More example sentences
    • He might have obtained better results simply by taking the differences in the lanes' staggered starting marks for an appropriate track event.
    • He pocketed the penultimate race even after having to re-round the starting mark as he had jumped the start.
    • The handicapper's job is to make the race as competitive as possible by giving each competitor a mark off which to run.
    More example sentences
    • There will be no marks awarded for the answer ‘They both write historical fantasy’.
    • It is possible to discourage guessing by allocating one mark for a correct answer and minus one for an incorrect answer.
    • Although the paper is 80 marks / answer all questions, there is some consolation in that several questions are perennial.
    More example sentences
    • These are some of the terms used to describe children unable to learn or more importantly who score poor marks in their examinations.
    • Researchers discovered that different academics gave different marks for the same essays.
    • The problems in the evaluation system is not limited to the disparity in marks between different universities.
    More example sentences
    • He has work to do off his revised handicap mark, but Medison never got the chance to show what he could do in two subsequent starts as he made a bad error at Aintree and was over the top for the campaign at Sandown.
    • The William Haggas-trained gelding has progressed nicely this season and still looks to figure on a competitive handicap mark.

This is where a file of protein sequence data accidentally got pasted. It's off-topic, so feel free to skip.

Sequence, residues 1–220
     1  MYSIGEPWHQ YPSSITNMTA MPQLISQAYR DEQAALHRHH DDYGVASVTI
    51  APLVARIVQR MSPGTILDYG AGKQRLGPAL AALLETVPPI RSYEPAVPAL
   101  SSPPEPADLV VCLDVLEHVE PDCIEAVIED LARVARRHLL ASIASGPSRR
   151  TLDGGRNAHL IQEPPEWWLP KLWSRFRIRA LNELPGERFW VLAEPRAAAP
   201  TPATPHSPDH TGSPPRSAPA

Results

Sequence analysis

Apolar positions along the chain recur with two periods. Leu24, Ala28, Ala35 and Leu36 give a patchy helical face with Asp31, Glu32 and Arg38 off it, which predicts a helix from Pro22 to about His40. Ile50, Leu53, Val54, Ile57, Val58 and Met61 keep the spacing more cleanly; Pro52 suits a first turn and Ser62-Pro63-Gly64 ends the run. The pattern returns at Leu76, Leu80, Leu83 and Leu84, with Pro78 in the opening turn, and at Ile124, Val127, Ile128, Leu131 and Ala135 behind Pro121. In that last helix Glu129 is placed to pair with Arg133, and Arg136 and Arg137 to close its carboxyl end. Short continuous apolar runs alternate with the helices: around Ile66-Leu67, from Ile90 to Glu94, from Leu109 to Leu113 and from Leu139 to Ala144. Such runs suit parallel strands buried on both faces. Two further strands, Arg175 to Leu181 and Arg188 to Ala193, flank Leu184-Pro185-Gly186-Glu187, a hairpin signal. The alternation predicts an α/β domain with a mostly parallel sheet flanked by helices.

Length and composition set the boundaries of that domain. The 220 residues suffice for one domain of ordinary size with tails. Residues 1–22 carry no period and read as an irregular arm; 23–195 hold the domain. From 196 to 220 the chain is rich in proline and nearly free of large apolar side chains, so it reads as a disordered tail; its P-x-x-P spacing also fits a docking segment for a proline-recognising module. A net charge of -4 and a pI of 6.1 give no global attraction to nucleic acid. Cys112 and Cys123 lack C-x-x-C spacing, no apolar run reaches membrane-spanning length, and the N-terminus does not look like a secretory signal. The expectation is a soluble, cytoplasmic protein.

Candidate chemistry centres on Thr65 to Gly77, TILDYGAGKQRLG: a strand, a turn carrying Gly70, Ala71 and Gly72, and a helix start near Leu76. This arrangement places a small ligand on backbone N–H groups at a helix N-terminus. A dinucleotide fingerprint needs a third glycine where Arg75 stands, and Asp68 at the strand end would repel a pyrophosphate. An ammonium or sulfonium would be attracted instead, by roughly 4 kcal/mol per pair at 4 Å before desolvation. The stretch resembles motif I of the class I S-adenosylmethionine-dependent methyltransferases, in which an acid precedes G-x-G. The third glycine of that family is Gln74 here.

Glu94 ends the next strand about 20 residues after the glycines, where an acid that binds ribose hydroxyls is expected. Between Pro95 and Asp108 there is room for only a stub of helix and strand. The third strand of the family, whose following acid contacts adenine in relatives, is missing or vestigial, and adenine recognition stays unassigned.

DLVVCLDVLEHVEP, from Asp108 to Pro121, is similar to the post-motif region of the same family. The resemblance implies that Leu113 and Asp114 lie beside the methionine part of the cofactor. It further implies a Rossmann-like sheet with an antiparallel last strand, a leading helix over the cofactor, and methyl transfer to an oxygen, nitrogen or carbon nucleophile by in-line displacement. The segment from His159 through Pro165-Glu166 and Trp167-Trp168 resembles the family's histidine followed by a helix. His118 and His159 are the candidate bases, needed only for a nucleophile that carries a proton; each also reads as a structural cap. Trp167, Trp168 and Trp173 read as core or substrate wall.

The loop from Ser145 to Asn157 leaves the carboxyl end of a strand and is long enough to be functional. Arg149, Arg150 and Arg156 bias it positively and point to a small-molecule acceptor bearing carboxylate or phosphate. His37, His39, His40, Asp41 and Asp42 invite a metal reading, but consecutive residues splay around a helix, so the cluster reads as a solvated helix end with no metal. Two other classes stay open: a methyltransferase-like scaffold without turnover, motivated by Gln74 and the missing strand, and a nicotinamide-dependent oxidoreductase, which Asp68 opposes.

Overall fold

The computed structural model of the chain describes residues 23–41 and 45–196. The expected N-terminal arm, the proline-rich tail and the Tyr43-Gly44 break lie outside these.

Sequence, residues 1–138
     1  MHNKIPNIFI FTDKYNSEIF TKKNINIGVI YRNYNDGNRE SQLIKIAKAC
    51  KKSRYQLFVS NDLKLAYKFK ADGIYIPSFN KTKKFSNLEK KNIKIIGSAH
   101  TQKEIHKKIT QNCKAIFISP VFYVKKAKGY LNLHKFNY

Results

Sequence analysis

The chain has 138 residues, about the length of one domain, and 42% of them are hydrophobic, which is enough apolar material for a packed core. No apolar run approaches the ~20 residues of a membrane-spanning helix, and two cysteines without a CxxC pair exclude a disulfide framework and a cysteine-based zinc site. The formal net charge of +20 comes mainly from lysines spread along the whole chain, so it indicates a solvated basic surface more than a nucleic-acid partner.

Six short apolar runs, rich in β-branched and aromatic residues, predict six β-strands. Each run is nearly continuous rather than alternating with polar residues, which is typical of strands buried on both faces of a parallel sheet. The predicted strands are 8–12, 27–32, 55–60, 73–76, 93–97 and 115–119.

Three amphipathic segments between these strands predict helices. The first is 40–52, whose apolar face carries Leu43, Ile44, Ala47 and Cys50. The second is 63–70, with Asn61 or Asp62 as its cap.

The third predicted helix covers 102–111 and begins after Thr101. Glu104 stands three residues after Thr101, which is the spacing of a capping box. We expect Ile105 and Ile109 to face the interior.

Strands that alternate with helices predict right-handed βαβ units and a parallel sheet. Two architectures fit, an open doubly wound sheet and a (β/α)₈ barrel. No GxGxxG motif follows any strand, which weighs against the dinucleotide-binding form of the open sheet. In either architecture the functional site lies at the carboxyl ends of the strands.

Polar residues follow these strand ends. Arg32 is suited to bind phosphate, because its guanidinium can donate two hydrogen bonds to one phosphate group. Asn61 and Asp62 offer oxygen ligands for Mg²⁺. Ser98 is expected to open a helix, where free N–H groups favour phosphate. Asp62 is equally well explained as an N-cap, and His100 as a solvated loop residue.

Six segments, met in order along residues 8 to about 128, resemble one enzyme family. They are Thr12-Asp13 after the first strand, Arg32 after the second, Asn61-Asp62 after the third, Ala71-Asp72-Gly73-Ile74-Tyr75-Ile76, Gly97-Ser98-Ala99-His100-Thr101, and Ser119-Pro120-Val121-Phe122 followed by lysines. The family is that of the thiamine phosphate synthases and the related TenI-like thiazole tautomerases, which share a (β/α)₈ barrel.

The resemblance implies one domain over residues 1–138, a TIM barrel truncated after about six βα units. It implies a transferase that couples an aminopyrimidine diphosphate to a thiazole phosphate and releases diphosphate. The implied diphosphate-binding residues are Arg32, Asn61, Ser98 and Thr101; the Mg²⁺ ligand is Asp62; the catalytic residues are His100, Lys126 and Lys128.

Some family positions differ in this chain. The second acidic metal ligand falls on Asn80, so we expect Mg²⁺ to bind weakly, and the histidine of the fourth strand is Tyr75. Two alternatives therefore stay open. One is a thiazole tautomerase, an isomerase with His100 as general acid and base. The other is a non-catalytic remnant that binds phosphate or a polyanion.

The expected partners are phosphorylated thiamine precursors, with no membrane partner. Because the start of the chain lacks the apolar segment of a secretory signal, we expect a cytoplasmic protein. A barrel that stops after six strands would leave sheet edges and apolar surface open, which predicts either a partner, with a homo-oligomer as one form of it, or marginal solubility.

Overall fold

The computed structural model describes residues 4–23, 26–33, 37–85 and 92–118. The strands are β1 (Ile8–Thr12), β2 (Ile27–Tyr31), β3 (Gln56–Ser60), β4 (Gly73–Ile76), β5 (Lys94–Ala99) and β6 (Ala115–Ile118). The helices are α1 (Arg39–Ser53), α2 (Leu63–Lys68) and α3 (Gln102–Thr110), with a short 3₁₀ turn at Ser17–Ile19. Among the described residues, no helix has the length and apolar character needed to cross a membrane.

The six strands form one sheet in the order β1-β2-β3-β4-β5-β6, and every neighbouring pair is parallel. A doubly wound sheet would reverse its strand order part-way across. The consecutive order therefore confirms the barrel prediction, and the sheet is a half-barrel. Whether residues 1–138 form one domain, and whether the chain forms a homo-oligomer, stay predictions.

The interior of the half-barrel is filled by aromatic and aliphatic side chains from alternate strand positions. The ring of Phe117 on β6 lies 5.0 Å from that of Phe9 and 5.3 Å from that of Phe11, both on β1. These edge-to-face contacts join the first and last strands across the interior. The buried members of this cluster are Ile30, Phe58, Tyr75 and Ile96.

• If their horse finishes anywhere near the good ones, his handicap mark will be ruined and he could go two seasons without winning another race.
  • 4 4.1 (indicator) the cost has reached the $100,000 mark el costo ha llegado a los 100.000 dólares (gas) mark 6 (British English/inglés británico) el número 6 (de un horno de gas) to be/come up to the mark dar* la talla to overstep the mark pasarse de la raya 4.2 (for race) línea (feminine) de salida on your marks! o take your marks! ¡a sus marcas! to be quick/slow off the mark ser* rápido/lento
    More example sentences
    • He also helped set three relay world records and lowered his own mark in the 400 freestyle.
    • Thorpe is the current Olympic and triple world champion in the 400 meters and holds three world marks in freestyle distances.
    • In these she recorded marks of 12. 53s and 1. 51m to put her in an overall 14th place.
  • 5 (target) blanco (masculine) to be an easy mark [colloquial/familiar] ser* (un) blanco fácil $300? $3,000 would be nearer the mark! ¿300 dólares? ¡yo diría más bien 3.000! to be o fall wide of the mark [lit: arrow] no dar* en el blanco (por mucho), his estimate was wide of the mark erró por mucho en su cálculo to hit/miss the mark [insinuation/warning] hacer*/no hacer* mella [lit: arrow] dar*/no dar* en el blanco